One particular phrase chimed with me – that AdWords worked well for SMEs who “don’t have the brand to grow first organically” – in other words, search engine optimisation is harder now if you aren’t an established brand, and AdWords can potentially work better for those types of businesses.
Indeed, we’ve seen the AdWords side of our business grow significantly over the last few months, working with many businesses who fit exactly that profile. One commentator also mentioned that retargeting had ‘opened up the marketplace’ for SMEs – giving smaller businesses access to the kind of advertising that was only accessible by those with bigger budgets just a short time ago.
Video advertising was mentioned, with the Google team talking about simple, creative, pre-rolls being appropriate for smaller businesses to advertise on YouTube. Google’s been trying to push video advertising to SMEs for some time with apparently limited success! One of the agencies present mentioned however that product videos can be a ‘massive win’ for ecommerce sites.
And the challenges of working with SMEs on AdWords management? Kevin from Latitude felt strongly about quality – that we as agencies should provide the best possible service for clients, within what is reasonable for the charge those clients are paying (now that can be a difficult balance!). To a certain extent, he thought that using tools to speed up certain routine tasks such as reporting was valuable, but he pointed out that you can’t automate everything. On education, he felt it was important to communicate with clients in their own language rather than in AdWords jargon.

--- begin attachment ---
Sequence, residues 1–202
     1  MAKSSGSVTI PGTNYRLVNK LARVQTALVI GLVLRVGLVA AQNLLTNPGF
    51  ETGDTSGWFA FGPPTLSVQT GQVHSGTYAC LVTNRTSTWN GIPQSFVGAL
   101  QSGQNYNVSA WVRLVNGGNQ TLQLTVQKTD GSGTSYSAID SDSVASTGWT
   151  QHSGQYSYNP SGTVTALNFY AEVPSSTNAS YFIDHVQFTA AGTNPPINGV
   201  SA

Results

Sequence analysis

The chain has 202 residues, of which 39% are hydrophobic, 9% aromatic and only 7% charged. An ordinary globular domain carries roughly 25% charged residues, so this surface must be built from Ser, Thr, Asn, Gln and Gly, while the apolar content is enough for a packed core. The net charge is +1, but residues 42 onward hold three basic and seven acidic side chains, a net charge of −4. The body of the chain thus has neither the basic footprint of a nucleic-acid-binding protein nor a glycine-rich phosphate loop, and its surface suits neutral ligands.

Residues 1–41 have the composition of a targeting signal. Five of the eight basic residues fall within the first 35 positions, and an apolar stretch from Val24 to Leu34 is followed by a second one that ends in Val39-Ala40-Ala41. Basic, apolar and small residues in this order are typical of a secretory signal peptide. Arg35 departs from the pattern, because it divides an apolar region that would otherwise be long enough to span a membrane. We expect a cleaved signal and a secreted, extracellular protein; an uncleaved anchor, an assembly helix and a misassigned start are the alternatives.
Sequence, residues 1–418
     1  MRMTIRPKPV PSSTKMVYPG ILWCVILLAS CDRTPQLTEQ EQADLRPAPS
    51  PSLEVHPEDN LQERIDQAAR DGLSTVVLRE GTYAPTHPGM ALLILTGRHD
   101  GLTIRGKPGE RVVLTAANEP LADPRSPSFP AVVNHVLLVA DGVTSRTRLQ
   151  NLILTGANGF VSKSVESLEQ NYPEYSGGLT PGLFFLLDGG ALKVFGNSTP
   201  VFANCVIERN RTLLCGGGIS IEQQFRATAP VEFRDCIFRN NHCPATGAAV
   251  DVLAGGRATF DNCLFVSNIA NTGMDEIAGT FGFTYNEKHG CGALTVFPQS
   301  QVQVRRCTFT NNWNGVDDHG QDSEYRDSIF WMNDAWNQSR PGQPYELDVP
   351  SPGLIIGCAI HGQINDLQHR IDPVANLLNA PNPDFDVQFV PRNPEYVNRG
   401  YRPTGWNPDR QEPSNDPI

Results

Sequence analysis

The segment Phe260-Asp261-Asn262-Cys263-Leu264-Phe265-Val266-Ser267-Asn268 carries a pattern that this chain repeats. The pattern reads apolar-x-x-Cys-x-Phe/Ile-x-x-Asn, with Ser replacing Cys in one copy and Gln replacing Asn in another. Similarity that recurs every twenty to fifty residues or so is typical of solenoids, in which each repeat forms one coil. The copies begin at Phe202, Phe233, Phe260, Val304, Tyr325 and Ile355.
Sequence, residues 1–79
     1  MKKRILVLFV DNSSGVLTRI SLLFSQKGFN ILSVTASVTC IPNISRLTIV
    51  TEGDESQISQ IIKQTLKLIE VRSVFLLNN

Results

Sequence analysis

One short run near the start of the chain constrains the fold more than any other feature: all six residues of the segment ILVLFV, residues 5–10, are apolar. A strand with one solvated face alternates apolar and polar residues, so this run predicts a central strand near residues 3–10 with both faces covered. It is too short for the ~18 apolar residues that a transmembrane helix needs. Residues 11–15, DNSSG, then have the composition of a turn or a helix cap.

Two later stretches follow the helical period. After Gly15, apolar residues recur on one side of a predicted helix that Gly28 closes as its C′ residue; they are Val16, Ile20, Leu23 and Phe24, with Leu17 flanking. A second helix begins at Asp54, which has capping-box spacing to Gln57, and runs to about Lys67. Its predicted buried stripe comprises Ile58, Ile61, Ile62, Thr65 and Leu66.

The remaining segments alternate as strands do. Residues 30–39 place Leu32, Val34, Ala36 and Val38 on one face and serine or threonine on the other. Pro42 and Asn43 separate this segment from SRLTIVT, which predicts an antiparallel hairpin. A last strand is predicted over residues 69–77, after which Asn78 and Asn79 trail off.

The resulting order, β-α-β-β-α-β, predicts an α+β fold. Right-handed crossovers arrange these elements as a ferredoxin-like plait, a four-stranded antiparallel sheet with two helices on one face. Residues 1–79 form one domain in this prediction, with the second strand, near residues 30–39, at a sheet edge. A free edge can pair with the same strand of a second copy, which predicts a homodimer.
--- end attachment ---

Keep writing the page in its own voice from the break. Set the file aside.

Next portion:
David from Visualsoft reiterated the importance of setting client expectations, and Gilli from Google felt that a key issue in the industry that all agencies face is talent, or rather the lack of it – it’s difficult to find staff that can do everything – who can handle the technical side of the work, but also the creative side, and who can communicate with clients effectively.
The dreaded ‘Not Provided’
Anyone who’s been into Google Analytics recently will have noticed that most organic keywords are now ‘not provided’ by Google – and there’s been talk of the same thing coming soon to Google AdWords data. The question inevitably came up during a Q&A session. Google’s answer was that ‘Not Provided’ is indeed coming soon to Google AdWords data, but only at the Google Analytics end. The data within Google AdWords itself will be unaffected. Someone from Google referred to this change as being ‘Not a big deal!’ but most of the agencies I spoke to remained unconvinced. Time will tell how this change will pan out.
It appears that the roll-out will be gradual, though there was no mention of when it would start. One particular implication of the change will be that anything using the ‘q=’ that currently appears in the URL will be affected. In other words, if clients have any dynamic landing pages set up, that automatically pull in the keyword that the visitor searched for into the content of the page, these will cease to work once the change has taken place.
And the goody bag?
Regular readers of this blog will know I do love a good Google goody bag. What did I get this time? Here’s my swag: Yup, that’s a pencil, pen, notepad and some headphones. I’m still waiting for my Nexus 7 🙂 The bag was rather fun – you got to design your own android on – guess what – an Android tablet – and have it printed onto a t-shirt or a bag.